Welcome to the 2016 Awards Profiles series, where we talk about high and low-profile films coming to a theater near you at some point this year. We will analyze the potential for these films to be players for the Academy Awards, and while many of these have the potential to be recognized, many will not either by quality or being pushed back to the following year. For the next eight weeks, we will bring you a film every weekday to talk about their potential. If you have a suggestion, please include it in the comments below. If you missed a film, click on the tag or category Awards Profile.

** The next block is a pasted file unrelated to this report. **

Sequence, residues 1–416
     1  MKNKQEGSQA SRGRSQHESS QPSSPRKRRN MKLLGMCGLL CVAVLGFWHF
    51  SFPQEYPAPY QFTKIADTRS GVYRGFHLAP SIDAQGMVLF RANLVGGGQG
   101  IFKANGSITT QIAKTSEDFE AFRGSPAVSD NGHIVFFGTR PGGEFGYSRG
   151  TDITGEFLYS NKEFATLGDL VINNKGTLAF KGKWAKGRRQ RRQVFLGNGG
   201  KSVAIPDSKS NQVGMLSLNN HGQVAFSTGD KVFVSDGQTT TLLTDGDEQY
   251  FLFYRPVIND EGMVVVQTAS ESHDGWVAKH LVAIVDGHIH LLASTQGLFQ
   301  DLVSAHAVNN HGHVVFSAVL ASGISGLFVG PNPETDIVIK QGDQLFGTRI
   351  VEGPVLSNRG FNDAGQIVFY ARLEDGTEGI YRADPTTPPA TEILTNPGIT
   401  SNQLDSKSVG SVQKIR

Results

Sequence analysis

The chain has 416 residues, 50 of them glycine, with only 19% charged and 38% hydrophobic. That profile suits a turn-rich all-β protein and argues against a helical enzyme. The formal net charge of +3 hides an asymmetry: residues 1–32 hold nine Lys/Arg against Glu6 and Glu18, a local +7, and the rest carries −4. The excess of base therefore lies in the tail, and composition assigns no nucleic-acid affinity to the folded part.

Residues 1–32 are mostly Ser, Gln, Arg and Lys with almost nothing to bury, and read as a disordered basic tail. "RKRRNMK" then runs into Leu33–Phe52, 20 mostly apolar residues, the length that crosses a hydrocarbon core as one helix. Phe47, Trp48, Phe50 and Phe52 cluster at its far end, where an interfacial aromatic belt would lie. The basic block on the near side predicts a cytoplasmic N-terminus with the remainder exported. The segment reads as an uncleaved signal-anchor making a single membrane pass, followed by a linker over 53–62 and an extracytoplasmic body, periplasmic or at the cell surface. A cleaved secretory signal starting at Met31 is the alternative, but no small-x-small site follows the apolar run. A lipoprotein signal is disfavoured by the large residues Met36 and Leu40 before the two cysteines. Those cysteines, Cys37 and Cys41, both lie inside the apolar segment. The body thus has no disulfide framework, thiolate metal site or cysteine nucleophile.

Directed By: Woody Allen
Written By: Woody Allen
Cast: Jesse Eisenberg, Kristen Stewart, Steve Carell, Blake Lively, Corey Stoll, Parker Posey, Anna Camp, Paul Schneider, Ken Stott, Judy Davis, Kelly Rohrbach, and more
Film Synopsis (via IMDb): A young man arrives in Hollywood during the 1930s hoping to work in the film industry. There, he falls in love, and finds himself swept up in the vibrant café society that defined the spirit of the age.
Why it could succeed: